If the world was black and white I'd say go with a pure nginx setup and compile php with php-fpm. More realistically if you already have Apache working then make nginx a reverse proxy to apache and you might save a few hours of setup time and the difference in performance will be tiny.

But lets assume the world is black and white for a second, because this makes for far more awesome setups. You do nginx + php-fpm for your web server. To solve the uploads you use the upload module and upload progress module for nginx. This means that your web server accepts the upload and passes the file path onto PHP when it's done, so that the file doesn't need to be streamed between nginx and PHP via fastcgi protocol, sweet. (I have this in a live setup and it's working great, btw!)

For user downloading you use nginxs x-send-file-like feature called x-accel-redirect, essentially you do your authentication in PHP and set a header which nginx picks up on and starts transfer that file. PHP ends execution and your web server is handling the transfer, sweet! (Again, I have this in a live setup and it's working great)

For distributing files across servers or other long running operations we realize that PHP isn't really best suited for this, so we install gearman, which is a job server that can distribute jobs between workers on different servers, these workers can be written in any language. Therefore you can create a distribute worker and spawn 5 of them using a total of 200 KB of memory instead of the 100 MB PHP would use. Sweet. (I also have this running live, so it's all actually possible)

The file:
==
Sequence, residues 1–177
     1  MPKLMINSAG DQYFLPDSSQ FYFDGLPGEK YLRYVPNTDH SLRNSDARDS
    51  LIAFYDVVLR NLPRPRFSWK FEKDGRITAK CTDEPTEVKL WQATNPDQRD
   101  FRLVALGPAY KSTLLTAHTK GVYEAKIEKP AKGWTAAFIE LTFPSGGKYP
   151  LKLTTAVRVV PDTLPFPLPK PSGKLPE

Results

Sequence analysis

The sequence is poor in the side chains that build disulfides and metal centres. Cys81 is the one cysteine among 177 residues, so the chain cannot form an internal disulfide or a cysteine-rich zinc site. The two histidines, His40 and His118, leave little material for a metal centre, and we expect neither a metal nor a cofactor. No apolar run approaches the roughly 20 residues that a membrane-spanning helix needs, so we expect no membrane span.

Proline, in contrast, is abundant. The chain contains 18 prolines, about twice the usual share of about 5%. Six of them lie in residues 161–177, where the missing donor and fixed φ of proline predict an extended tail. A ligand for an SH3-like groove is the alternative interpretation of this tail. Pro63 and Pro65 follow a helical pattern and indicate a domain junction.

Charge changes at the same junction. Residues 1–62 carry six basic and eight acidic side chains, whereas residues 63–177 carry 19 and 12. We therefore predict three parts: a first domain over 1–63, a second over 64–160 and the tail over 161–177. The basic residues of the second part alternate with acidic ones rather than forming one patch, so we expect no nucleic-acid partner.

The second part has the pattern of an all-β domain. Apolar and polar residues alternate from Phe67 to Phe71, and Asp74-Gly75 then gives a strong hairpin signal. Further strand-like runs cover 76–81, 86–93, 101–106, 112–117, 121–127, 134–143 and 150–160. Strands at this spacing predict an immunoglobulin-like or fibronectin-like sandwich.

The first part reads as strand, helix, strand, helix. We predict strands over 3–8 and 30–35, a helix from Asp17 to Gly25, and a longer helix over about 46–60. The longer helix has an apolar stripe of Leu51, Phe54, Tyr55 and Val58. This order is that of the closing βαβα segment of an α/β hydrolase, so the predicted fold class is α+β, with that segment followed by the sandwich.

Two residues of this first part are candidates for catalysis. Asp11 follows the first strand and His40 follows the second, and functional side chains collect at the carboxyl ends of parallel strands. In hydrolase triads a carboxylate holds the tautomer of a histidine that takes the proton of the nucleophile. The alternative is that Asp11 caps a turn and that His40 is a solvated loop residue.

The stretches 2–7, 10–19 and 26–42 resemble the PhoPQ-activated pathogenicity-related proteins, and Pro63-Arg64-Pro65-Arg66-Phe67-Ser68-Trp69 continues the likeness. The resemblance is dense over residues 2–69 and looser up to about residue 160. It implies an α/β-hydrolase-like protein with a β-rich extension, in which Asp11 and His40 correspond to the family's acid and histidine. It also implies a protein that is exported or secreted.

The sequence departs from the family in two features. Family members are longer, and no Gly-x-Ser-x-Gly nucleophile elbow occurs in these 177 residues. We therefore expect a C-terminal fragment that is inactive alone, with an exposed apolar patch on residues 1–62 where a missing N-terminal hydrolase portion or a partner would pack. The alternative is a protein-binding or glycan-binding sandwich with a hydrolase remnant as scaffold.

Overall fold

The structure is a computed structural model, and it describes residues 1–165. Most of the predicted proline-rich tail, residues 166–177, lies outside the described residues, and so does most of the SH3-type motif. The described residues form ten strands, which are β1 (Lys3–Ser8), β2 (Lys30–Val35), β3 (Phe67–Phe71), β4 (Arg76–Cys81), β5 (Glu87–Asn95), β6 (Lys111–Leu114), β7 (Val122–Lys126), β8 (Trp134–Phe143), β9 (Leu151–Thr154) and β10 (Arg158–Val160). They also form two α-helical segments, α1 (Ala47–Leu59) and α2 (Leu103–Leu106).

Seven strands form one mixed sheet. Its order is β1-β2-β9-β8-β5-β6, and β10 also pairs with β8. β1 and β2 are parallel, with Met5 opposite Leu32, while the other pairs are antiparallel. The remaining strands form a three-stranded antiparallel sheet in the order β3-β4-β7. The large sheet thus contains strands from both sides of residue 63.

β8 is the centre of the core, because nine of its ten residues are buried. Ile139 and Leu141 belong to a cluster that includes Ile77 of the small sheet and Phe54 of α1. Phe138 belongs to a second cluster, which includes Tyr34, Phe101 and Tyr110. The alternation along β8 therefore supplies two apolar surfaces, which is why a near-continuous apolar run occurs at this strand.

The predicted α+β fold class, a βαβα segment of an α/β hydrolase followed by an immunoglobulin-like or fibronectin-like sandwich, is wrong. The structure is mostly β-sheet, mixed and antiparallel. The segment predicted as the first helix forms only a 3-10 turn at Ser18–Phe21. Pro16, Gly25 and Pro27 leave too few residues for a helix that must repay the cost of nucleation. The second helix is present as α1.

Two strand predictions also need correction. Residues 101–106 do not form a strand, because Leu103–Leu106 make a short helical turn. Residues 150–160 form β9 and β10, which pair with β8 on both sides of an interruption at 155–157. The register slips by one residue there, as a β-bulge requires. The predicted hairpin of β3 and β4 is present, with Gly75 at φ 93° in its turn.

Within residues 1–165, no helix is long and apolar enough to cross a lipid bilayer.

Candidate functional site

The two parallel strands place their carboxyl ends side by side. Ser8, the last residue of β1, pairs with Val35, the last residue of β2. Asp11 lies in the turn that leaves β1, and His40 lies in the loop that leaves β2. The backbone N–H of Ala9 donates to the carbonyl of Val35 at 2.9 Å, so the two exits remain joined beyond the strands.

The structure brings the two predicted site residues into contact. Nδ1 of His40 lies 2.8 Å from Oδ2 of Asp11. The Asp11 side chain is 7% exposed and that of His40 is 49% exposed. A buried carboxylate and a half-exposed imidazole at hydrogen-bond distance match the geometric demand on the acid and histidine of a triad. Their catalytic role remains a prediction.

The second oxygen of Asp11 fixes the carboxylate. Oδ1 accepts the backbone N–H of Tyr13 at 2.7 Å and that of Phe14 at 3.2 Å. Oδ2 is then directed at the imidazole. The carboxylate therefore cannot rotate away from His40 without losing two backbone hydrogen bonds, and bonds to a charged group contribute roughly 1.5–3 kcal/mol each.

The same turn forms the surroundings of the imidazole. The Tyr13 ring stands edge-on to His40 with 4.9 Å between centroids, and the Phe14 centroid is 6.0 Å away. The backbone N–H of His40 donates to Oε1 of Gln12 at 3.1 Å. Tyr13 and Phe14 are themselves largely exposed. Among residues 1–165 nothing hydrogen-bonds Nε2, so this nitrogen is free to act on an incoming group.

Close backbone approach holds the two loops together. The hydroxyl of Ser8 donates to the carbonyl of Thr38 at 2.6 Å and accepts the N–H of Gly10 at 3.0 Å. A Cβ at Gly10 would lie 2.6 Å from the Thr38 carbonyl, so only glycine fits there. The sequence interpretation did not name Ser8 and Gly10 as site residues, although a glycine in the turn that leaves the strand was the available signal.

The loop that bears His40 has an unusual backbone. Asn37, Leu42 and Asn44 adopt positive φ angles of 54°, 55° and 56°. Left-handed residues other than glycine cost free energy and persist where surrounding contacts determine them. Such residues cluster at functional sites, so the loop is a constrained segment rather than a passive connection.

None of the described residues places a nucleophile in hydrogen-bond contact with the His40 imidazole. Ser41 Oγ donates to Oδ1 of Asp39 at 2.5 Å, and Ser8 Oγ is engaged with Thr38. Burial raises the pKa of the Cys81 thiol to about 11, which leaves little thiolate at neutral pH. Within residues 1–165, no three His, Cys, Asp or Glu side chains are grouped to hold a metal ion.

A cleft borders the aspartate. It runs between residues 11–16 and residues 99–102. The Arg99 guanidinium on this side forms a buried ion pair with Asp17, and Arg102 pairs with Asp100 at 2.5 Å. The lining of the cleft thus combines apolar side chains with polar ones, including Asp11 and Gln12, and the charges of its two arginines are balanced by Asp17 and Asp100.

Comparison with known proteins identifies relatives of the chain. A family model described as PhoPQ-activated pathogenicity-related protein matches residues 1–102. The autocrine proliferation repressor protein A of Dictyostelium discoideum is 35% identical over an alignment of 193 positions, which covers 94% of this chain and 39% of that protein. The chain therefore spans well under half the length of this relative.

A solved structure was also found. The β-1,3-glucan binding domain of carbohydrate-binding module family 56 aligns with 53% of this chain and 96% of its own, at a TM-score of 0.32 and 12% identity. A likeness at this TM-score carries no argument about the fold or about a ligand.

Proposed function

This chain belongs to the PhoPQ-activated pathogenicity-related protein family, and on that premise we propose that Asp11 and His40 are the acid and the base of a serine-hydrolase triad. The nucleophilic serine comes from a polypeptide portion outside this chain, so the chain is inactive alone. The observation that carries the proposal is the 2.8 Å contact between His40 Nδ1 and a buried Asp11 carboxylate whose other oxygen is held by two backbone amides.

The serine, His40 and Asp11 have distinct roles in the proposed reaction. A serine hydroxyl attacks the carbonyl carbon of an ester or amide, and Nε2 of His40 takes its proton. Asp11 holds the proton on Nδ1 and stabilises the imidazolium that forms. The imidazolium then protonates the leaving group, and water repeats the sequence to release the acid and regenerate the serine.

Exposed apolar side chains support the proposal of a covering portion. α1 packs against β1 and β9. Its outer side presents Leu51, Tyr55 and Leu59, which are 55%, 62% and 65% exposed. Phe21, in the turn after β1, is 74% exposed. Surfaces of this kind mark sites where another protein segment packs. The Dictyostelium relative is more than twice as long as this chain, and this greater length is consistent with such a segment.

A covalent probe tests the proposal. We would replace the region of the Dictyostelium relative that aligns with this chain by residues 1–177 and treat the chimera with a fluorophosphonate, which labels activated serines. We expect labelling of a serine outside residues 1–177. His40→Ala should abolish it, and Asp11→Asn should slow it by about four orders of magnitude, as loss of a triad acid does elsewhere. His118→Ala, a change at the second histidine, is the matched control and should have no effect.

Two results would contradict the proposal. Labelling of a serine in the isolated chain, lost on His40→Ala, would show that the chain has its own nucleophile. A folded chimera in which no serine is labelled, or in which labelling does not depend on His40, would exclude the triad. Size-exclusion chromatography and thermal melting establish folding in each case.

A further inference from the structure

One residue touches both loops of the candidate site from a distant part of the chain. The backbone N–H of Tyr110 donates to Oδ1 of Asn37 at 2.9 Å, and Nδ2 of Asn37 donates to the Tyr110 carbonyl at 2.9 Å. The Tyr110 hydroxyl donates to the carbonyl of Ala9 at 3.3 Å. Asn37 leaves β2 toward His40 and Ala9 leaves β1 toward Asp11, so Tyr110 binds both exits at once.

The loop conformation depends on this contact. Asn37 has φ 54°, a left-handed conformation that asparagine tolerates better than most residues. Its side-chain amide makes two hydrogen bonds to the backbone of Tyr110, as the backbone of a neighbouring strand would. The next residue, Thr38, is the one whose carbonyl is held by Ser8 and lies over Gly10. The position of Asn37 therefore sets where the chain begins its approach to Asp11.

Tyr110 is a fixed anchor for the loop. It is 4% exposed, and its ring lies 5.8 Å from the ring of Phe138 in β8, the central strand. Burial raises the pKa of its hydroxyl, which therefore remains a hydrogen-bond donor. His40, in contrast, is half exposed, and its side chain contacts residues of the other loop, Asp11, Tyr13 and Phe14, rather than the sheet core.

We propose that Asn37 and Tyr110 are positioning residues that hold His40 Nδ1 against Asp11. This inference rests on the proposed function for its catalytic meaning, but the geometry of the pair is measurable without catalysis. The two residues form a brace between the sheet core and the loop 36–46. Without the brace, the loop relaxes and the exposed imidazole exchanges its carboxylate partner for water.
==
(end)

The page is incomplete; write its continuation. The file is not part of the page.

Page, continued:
In case you haven't picked up on it yet, I think many of your problems aren't related to your web server at all, you just think that way because Apache forces it to be related to your web server due to it's structure, often there are far better tools for the job than PHP and PHP is a language which knows this and provides excellent options to off-loading work without ever leaving PHP.

I'd highly recommend nginx, but I also think you should look at other options for your other problems, if you have a scaling or performance problem then feel free to write me. I don't know if you can send messages through here but otherwise write me at martin@bbtn.us as I don't stalk server fault for anything not tagged with nginx. :)

  • 1